Glue ear is another name for serous otitis media, otitis media with effusion (OME), or fluid in the ear. It occurs when fluid becomes trapped in the middle ear. Sometimes the fluid is thick and white, which may look similar to glue.
Glue ear often has no symptoms. It is more common in children than adults because the Eustachian tube, which runs from the middle ear to the back of the throat, is more horizontal in children. Glue ear is more common in bottle-fed infants who drink on their back and children exposed to second-hand smoke.
Left untreated, glue ear can cause delays in a child's development. Hearing loss from glue ear can cause delays in speech development. Motor delays can also occur because balance is controlled by the inner ear. However, not all children who have glue ear have developmental delays and not all children with glue ear require treatment.
The treatment for glue ear depends on the symptoms. If there are no bothersome symptoms and a child is not at risk for delays in their development the doctor may choose to monitor the fluid in the ear at 3-6 month intervals to see if it goes away on it's own. If the fluid persists and bothersome symptoms, developmental delays or hearing loss occurs, treatment is usually the surgical placement of ear tubes, which open the Eustachian tube and allow the fluid to drain into the back of the throat. Sometimes it is necessary to remove the adenoids because enlarged adenoids can block the Eustachian tube and prevent drainage. There has been little evidence supporting tonsil removal as a way to treat glue ear.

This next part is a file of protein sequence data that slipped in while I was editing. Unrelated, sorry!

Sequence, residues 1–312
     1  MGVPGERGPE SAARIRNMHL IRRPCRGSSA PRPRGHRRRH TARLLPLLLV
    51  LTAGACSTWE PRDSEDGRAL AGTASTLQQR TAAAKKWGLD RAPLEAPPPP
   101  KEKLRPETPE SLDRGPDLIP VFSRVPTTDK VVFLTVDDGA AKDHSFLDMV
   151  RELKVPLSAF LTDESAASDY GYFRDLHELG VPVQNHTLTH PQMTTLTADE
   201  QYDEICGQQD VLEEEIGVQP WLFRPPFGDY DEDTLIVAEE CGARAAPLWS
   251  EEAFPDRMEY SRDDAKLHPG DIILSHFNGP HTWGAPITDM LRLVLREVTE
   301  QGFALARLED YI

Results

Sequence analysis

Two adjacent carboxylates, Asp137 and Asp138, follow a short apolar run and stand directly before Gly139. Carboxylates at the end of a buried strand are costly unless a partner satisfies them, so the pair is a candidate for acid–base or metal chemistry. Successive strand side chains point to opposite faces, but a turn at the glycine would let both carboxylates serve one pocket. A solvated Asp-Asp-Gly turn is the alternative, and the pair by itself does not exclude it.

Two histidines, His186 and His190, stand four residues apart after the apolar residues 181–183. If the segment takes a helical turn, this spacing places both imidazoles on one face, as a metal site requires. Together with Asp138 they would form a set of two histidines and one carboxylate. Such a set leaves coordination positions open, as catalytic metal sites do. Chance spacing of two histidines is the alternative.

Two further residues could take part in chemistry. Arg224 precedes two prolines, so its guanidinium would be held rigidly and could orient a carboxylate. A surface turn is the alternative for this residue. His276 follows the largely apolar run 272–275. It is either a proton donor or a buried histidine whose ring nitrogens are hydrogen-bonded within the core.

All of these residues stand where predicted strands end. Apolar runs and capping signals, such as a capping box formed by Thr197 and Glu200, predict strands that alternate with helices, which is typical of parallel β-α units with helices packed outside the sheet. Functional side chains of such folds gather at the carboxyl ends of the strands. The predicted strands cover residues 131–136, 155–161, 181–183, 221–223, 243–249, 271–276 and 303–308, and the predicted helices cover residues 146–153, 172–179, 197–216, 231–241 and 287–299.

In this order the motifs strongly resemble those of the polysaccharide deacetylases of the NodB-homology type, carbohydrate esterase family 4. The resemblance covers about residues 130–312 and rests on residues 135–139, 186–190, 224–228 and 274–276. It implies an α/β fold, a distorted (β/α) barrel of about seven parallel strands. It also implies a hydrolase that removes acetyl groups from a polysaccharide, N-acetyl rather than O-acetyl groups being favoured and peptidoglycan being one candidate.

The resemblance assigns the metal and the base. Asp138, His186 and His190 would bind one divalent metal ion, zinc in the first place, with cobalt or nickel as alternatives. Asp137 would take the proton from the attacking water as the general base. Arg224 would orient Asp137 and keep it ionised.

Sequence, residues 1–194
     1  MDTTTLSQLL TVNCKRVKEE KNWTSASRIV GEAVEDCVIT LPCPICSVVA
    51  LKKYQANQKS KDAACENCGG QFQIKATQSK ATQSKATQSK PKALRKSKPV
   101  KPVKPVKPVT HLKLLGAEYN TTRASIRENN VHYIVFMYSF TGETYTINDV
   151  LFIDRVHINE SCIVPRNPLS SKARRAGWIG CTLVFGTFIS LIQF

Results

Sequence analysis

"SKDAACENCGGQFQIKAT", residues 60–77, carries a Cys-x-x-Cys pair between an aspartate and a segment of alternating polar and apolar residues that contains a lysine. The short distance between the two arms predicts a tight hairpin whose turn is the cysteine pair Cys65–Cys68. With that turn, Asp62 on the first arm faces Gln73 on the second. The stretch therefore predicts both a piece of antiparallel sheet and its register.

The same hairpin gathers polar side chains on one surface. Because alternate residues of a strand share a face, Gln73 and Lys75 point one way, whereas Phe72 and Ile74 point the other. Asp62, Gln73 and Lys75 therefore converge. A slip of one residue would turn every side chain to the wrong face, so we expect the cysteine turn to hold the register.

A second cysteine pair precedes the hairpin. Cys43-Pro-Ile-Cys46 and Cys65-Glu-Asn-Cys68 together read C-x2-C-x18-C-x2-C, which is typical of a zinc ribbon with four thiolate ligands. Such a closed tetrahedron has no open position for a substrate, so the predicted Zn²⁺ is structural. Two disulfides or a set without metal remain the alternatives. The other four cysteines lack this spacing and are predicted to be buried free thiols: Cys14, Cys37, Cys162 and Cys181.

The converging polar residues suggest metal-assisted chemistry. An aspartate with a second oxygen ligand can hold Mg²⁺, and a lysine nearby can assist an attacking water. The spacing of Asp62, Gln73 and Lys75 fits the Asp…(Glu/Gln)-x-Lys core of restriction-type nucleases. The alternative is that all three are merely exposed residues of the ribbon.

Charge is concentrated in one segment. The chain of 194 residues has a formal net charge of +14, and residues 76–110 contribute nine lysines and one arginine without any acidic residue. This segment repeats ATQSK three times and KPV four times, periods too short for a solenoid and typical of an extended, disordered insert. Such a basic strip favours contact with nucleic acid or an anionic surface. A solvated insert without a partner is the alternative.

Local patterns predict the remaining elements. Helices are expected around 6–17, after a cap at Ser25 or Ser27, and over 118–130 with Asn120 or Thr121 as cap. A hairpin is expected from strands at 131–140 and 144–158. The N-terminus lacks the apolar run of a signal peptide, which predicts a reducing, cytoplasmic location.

American Academy of Pediatrics. Clinical Practice Guidelines. Otitis Media with Effusion. Accessed: October 24, 2013 from http://pediatrics.aappublications.org/content/113/5/1412.full?sid=93df74e5-83ff-42b5-9cf3-1c90fae277d7
Journal Watch Medicine That Matters. Treatments For Severe Chronic Glue Ear Compared. Accessed: Oct 20, 2009 from http://general-medicine.jwatch.org/cgi/content/full/1993/420/1